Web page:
What with “All Impeachment All The Time" news on television, in newspapers and the internet, it's hard to know there are other things going on in Washington, D.C. But I did come across one last week that is important to most of the people who read this blog.
According to a press release at the House website of Speaker Nancy Pelosi, the U.S. House of Representatives this week will vote on H.R. 3, the Elijah E. Cummings Lower Drug Costs Now Act. The legislation will give Medicare
”...the power to negotiate lower drug prices and make those prices available to people with private insurance [Part D]. No longer will Americans have to pay more for their prescriptions than what Big Pharma charges in other countries for the same medicines.
“We are reinvesting the more than half a trillion dollars the federal government alone saves from lower drug prices to expand Medicare to cover vision, dental and hearing for the first time. We add billions to the search for breakthrough cures and treatments, confronting the opioid epidemic, strengthening our community health centers, and more.”
There are 106 co-sponsors of the bill, all Democrats. Text of the bill is here.
The White House opposes the bill primarily on grounds that it will prevent drug companies from creating new life-saving drugs. You can read the White House response here.
On the other hand, The Journal of Clinical Pathways reports
”Republicans in Congress have expressed concerns with the legislation citing, like the White House, that it would discourage innovation in new pharmaceutical product development, but the President has nevertheless praised Pelosi’s plan.”
Neither the publication nor I have a source for the president's praise.
Meanwhile, under current regulations, Part D costs to enrollees will increase next year. According to a Kaiser Family Foundation (KFF) analysis of changes for the year 2020:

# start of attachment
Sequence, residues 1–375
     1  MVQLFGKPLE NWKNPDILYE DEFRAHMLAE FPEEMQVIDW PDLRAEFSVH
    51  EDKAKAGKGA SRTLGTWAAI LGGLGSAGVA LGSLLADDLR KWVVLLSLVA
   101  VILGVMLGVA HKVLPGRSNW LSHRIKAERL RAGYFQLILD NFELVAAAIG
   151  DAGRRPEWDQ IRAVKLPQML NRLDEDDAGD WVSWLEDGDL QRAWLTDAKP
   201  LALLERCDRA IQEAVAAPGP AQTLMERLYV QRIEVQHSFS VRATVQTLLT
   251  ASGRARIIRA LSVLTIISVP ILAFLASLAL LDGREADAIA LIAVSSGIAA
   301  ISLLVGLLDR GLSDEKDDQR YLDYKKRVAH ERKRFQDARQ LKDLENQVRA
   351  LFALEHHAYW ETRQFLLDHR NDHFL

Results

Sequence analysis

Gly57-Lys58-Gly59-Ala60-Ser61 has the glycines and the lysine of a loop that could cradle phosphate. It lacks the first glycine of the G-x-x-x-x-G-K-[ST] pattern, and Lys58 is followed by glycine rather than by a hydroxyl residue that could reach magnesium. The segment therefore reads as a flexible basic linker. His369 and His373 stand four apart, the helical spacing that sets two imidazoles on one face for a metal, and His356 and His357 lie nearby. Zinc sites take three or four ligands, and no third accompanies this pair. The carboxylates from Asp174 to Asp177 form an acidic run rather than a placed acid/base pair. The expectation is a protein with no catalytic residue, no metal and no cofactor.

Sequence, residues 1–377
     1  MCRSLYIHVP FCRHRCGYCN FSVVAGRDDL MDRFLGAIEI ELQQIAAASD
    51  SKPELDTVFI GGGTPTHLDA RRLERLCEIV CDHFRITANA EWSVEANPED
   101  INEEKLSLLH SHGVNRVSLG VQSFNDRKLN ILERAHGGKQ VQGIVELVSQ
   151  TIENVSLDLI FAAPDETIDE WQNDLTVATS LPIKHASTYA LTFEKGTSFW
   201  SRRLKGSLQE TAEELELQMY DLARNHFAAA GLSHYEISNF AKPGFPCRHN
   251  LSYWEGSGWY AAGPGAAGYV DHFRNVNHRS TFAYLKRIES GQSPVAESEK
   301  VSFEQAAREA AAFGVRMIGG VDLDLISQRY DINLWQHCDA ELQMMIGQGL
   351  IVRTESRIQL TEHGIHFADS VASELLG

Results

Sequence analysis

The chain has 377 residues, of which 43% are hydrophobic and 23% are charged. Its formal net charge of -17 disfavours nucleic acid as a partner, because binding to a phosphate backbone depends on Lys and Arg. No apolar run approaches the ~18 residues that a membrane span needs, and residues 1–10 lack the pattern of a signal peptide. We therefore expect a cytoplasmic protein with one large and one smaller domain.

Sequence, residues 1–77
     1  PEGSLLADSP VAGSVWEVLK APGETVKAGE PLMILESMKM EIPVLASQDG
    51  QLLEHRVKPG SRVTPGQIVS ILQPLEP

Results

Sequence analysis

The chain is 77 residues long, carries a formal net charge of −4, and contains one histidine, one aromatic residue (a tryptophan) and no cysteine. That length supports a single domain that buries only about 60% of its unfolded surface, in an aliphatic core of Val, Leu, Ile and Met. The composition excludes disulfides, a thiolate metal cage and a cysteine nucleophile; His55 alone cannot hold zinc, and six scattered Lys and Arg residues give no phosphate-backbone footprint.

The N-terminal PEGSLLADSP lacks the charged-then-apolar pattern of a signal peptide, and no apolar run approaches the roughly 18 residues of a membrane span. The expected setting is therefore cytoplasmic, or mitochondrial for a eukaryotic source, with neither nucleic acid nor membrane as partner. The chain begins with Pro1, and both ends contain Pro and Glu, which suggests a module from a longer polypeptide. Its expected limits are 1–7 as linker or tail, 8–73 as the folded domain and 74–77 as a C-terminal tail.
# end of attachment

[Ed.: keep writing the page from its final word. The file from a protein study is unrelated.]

”...Medicare Part D enrollees are facing a relatively large increase in out-of-pocket drug costs before they qualify for catastrophic coverage.
“This is due to the expiration of the ACA provision that constrained the growth in out-of-pocket costs for Part D enrollees by slowing the growth rate in the catastrophic threshold between 2014 and 2019; in 2020 and beyond, the threshold will revert to the level that it would have been using the pre-ACA growth rate calculation.
“For 2020, the out-of-pocket spending threshold will increase by $1,250, from $5,100 to $6,350.”
Here's the chart:
Further increases for Part D enrollees, according to KFF, include
”...higher out-of-pocket costs in 2020 for the deductible and in the initial coverage phase, as they have in prior years.
“The standard deductible is increasing from $415 in 2019 to $435 in 2020, while the initial coverage limit is increasing from $3,820 in 2019 to $4,020 in 2020.
“For costs in the coverage gap phase, beneficiaries will pay 25% for both brand-name and generic drugs, with plans paying the remaining 75% of generic drug costs—which means that, effective in 2020, the Part D coverage gap will be fully phased out.”
There are additional changes (what else is new) that you can read here.
H.R. 3 is not the only proposal in Washington to modify Part D costs. There is a bill from the Senate Finance Committee (SFC) and another from the Trump administration's fiscal 2020 budget (TAdmin). They would cap enrollees' out-of-pocket spending as follows:
H.R. 3 – at $2,000 out-of-pocket
SFC – at $3,200 out-of-pocket
TAdmin - Unknown
Here's the chart:
Whew. I'm nearly cross-eyed from sorting out all this information and trying to translate it from the government-ese. With that, I've left out a lot but you now have the general idea. You can get more detail from the links above.
Even given that no House Republicans signed on as co-sponsors, H.R. 3 is likely to pass in the House this week.
Over the past three years we have learned what happens to Democratic sponsored bills when they get to the Senate. But if you think this is a good proposal, you should urge your representative to vote for the bill – even if you already know he or she will do so. At least their offices will have tallies of constituents' leanings.
The Congress telephone number is (202) 224-3121, then ask for your representative's office by his/her name. Or, go to the House of Representatives website and enter your Zip Code to reach your representatives page.